The most wonderful time of year for retailers is just around the corner, but they won’t reap the profits of Black Friday weekend before first navigating an obstacle course full of potential pitfalls.
A projected 137 million consumers will shop between Thanksgiving Day and Cyber Monday, according to the National Retail Federation. As retailers move into crunch time, Retail Dive spoke with analysts about what lessons retailers can take away.
1. Buckling under outages
One of the most noticeable mistakes retailers make year after year is failing to adequately prepare for shopping increases online and on mobile. Ideally, retailers should start preparing in August and September, but stress-testing is better done late than never. Be prepared for outages not just over Black Friday weekend, but during any high-traffic days.
2. Letting the guard down on fraud
Fraudulent transactions have sharply risen in the last few years, especially over the holiday season, and many retailers have suffered by letting their guard down and prioritising sales over security. Retailers need a multi-layered approach to try to automate as much data review as possible to ensure protections are in place to verify shoppers’ identities.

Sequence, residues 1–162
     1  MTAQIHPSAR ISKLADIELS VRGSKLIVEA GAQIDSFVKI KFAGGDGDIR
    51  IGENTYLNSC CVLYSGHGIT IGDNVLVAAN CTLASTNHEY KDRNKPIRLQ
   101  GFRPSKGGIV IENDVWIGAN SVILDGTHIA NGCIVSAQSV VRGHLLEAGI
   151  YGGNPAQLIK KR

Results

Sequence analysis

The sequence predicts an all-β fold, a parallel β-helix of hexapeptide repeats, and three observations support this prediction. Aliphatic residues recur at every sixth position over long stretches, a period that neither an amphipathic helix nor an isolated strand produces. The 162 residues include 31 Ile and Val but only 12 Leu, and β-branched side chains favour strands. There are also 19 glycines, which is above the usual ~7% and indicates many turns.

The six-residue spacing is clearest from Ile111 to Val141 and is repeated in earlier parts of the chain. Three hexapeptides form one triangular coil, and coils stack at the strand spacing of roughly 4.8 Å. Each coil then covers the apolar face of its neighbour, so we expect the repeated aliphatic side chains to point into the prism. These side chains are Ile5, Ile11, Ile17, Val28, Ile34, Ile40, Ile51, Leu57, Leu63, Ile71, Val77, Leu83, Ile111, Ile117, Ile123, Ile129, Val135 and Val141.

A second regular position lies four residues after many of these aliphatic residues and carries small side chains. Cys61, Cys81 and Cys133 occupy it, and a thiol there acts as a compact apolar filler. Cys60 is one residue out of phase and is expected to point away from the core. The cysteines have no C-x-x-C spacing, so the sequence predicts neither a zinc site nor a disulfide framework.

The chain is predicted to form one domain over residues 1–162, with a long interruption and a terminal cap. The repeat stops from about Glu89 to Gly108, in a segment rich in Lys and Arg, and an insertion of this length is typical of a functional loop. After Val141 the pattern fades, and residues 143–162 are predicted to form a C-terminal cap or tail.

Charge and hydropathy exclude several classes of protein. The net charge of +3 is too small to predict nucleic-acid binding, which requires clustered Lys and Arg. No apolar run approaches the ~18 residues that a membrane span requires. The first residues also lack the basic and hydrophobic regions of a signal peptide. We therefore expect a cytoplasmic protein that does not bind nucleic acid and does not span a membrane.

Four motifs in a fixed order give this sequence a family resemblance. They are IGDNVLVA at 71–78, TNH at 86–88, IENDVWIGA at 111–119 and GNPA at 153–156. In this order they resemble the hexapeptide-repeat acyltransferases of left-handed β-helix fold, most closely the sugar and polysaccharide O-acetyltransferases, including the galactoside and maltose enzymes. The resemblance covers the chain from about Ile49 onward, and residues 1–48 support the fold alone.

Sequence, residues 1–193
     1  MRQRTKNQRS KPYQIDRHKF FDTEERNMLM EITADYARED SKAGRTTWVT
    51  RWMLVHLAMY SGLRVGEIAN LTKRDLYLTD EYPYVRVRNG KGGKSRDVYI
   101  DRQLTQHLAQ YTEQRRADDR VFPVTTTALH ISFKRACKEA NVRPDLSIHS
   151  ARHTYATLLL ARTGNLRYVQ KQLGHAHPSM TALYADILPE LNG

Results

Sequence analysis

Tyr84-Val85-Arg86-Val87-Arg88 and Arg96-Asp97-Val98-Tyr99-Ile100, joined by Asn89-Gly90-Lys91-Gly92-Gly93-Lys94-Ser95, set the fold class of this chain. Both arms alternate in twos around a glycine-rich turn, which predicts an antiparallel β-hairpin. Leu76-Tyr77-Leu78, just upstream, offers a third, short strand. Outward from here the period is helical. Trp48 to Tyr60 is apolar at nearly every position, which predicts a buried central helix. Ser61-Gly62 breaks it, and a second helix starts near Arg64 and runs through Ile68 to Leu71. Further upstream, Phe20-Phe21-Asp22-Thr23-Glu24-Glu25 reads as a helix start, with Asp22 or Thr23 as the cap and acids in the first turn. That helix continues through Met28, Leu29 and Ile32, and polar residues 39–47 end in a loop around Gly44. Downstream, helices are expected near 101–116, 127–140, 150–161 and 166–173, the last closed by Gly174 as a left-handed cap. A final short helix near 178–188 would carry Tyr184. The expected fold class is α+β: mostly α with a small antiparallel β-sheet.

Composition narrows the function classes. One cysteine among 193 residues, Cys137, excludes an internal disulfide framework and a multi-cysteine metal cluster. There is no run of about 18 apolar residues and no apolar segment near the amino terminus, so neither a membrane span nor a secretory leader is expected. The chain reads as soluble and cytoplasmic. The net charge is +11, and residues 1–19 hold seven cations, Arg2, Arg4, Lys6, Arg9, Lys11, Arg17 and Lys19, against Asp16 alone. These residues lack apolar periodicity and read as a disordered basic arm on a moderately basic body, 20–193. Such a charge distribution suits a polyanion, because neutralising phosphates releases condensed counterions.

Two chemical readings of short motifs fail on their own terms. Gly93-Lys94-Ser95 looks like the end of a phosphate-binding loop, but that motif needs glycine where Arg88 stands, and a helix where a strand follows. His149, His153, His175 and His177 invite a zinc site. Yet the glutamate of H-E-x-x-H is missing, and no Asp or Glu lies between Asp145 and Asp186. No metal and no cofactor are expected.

3. Not having an omnichannel strategy
Shoppers aren’t just moving online: They want a fluid process that allows them to blend mobile browsing with e-commerce purchases, in-store pickup and many other options. Retailers have also failed to make mobile a priority, which can turn off shoppers from individual retailer apps that are difficult to use.
4. Failing to meet shipping expectations
Shoppers have come to expect a variety of perks from retailers, and shipping is at the top of that list, which has placed a strain on logistics systems in years past. Consumers now consider “fast” shipping to mean delivery within two days, and free shipping is increasingly important, according to Deloitte’s annual holiday survey of consumer spending intentions and trends.
5. Trying to do too much
Consumer shopping habits are changing every day, and many retailers are feeling the pressure to keep up on all fronts. But doing too much too quickly could end up hurting them.
“Retailers need to stay true to their brand ethos, and what is relevant with their particular customer,” Shelley E. Kohan, vice president of retail consulting at store analytics firm RetailNext.
(Source: Retail Dive)